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Old 09-05-2006, 03:58 PM   #1
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Is crockpot cooking safe?

i have a crockpot, and have used it some in the past until one day i put 2 and 2 together and wondered...
food is supposed to be quickly heated and quickly cooled.
this is the opposite of what the crockpot does!
i never got sick off of what i cooked in it, but i still wonder about it.
i figured this is the perfect place to pose the question...
is crockpot cooking safe?

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Old 09-05-2006, 04:02 PM   #2
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I'm pretty sure there has been a discussion on this one before, but I believe the answer in a nutshell is that the minimum heat setting on modern crockpots is in the safe heat range. I'll go see if I can find some of those discussions and post some links for you.

Here is an excellent thread to read thru.
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Old 09-05-2006, 04:07 PM   #3
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This is a quote from AllenMI:

The increased temperatures may be because a temp of 120°F is just right for extremely rapid bacterial growth. 150°F is a perfect holding temperature, although it will cook. The newer models with higher temps are not as likely to develop bacterial growth in the food as it cooks.

Some models of crockpots, according to my old "Crockery Cookery" cookbook, will actually exceed the boiling point. To measure how hot a crockpot gets, you might want to use some oil instead of water.
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Old 09-05-2006, 04:20 PM   #4
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I can not speak to the older Crock Pots, but the Crock Pots of today are completely safe.

Quote:
Originally Posted by jessicacarr
food is supposed to be quickly heated
Nope this is not true. There are many things that benefit from long cooking times. Somethings should be cooked quickly, but other things should be cooked slowly. BBQ is a perfect example of something that needs to be cooked slowly over low heat. Try it any other way and you will not be happy.
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Old 09-05-2006, 04:31 PM   #5
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The foods cook at a temp comparable to braising temperatures in an oven. The crockpot makes it convenient in that you can set it and not have to tend it. Following the rules for cooking in crockpots makes them safe. Starting with frozen meats may make them unsafe, but in most manuals I am familiar with, this is not recommended.
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Old 09-05-2006, 04:32 PM   #6
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Quote:
Originally Posted by GB
I can not speak to the older Crock Pots, but the Crock Pots of today are completely safe.

Nope this is not true. There are many things that benefit from long cooking times. Somethings should be cooked quickly, but other things should be cooked slowly. BBQ is a perfect example of something that needs to be cooked slowly over low heat. Try it any other way and you will not be happy.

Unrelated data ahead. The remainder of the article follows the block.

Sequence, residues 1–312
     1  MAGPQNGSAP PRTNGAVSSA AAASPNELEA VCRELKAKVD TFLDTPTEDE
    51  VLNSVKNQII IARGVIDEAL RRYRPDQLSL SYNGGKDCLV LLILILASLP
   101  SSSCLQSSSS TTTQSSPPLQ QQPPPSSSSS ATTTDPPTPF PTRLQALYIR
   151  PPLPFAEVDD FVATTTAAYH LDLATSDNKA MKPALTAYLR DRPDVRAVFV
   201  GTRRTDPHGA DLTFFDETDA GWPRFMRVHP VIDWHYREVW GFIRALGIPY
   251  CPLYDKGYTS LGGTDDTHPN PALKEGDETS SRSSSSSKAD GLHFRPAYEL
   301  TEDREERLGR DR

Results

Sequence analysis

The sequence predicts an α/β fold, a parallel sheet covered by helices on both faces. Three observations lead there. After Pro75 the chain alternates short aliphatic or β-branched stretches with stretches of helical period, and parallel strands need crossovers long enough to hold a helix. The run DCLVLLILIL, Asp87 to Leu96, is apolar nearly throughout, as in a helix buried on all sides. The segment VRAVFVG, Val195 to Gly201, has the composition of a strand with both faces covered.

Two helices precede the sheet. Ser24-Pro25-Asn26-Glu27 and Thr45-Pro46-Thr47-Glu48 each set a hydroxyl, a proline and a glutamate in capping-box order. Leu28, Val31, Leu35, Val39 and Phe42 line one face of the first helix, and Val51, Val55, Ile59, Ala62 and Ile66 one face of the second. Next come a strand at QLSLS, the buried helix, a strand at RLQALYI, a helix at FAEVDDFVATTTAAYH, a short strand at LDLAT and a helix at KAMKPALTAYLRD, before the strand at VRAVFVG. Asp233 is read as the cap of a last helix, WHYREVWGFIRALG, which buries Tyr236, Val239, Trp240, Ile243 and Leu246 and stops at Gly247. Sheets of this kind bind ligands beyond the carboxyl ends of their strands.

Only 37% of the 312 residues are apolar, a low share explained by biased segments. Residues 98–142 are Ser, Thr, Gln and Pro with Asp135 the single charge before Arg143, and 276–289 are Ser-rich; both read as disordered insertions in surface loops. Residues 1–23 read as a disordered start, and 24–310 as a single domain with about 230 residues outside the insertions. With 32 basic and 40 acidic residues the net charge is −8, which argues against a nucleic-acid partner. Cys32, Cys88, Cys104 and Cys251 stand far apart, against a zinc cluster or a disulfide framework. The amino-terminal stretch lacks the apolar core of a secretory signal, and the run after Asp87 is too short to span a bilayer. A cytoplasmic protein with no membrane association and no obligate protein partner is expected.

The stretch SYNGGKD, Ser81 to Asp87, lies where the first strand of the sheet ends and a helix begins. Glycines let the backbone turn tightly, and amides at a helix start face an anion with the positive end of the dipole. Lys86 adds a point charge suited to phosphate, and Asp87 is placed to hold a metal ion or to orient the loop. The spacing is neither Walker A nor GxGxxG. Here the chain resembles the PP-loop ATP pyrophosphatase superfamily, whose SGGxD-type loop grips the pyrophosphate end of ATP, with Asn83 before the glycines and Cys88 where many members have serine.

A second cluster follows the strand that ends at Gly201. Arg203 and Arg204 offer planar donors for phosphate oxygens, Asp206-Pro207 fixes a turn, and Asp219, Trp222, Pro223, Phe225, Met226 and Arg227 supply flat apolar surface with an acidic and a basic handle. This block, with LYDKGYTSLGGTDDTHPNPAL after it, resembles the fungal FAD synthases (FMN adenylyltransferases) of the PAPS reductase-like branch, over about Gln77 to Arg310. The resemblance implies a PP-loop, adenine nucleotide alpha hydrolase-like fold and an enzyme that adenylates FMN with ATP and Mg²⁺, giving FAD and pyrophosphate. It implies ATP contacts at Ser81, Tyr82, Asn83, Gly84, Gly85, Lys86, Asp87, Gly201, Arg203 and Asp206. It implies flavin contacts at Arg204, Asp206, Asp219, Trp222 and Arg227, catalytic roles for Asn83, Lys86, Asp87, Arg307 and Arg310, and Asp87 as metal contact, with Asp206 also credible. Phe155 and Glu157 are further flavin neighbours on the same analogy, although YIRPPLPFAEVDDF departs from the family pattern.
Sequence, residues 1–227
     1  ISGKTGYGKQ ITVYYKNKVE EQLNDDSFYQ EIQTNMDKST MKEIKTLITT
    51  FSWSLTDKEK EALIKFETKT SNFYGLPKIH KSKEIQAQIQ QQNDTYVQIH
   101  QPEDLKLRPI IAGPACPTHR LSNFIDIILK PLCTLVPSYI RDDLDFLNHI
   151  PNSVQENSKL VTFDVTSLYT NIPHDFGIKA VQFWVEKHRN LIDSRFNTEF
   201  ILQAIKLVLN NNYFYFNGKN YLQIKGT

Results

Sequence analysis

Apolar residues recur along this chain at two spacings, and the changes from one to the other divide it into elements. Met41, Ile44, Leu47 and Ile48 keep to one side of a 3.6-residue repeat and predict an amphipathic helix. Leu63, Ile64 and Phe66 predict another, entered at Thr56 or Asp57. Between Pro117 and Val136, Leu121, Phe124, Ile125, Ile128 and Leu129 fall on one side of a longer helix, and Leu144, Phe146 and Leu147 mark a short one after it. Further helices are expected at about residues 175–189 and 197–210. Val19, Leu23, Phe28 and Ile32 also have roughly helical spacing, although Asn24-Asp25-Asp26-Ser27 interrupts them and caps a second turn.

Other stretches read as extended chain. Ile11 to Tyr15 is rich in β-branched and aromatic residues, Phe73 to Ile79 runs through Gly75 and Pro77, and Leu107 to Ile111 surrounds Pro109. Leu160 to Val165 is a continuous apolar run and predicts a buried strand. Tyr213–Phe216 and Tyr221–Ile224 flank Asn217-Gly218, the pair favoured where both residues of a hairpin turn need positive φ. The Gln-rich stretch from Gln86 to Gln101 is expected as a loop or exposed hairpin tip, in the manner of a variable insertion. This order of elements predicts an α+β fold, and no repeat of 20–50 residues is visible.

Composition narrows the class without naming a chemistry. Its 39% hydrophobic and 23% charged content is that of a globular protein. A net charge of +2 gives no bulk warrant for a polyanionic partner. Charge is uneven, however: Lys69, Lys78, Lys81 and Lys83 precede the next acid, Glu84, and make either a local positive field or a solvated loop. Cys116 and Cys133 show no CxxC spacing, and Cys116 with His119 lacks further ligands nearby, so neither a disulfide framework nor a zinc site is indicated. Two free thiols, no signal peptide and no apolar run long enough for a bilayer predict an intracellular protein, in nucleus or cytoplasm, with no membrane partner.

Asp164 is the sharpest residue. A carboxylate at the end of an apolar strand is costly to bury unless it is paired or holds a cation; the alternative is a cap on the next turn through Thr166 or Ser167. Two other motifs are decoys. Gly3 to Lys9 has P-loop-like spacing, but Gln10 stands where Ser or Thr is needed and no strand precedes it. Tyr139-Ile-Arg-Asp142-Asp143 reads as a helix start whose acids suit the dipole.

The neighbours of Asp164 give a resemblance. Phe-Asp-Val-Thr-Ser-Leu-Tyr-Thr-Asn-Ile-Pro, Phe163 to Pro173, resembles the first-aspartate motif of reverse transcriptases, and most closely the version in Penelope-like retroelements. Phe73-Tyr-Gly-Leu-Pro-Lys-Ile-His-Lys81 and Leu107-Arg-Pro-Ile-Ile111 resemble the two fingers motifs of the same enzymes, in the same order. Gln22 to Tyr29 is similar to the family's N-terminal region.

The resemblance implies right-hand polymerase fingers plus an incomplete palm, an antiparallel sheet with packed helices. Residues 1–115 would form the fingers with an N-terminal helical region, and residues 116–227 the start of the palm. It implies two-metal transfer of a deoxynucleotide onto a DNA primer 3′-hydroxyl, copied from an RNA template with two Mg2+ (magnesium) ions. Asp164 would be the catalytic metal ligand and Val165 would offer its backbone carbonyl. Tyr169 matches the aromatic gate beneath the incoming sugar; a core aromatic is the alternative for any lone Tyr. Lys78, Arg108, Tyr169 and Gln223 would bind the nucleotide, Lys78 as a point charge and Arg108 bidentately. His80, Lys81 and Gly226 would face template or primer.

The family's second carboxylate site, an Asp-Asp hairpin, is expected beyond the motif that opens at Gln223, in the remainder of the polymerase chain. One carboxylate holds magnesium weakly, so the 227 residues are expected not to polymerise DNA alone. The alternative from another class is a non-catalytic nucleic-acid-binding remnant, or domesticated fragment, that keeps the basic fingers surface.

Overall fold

a valid point
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Old 09-05-2006, 05:00 PM   #7
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Quote:
Originally Posted by GB
I can not speak to the older Crock Pots, but the Crock Pots of today are completely safe.

Originally Posted by jessicacarr
food is supposed to be quickly heated

Nope this is not true. There are many things that benefit from long cooking times. Somethings should be cooked quickly, but other things should be cooked slowly. BBQ is a perfect example of something that needs to be cooked slowly over low heat. Try it any other way and you will not be happy.

Yes, but a crockpot should come to safe temperature relatively quickly and then cook slowly. It would, in fact, be unsafe if you set the crockpot to "low" and it took several hours to get the food above 140.
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Old 09-05-2006, 05:07 PM   #8
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OK my bad. I should have read this more carefully. Jenny is absolutley right of course. Food can cook for a long time, but needs to be brought up to safe temps quickly.
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Old 09-05-2006, 05:18 PM   #9
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You need to carefully follow the directions or recipe when cooking in a crock pot.

Recently I cooked 5 pounds of beef chuck roasts in a 6 quart crock pot, and the recipe was for a 3 pound roast. I was concerned at my excess meat, so I carefully watched what was happening in the pot the first hour. I ended up quickly switching the pot on high, from low, for almost one hour. I then turned it back to low as indicated in the recipe for the remaining 8 hours. I believe I simply had too much meat to safely leave the pot on low the whole cooking time. The roasts turned out splendidly.
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Old 09-05-2006, 05:22 PM   #10
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ok, so then my question is...do crockpots bring them up to that temp quickly enough for food safety?
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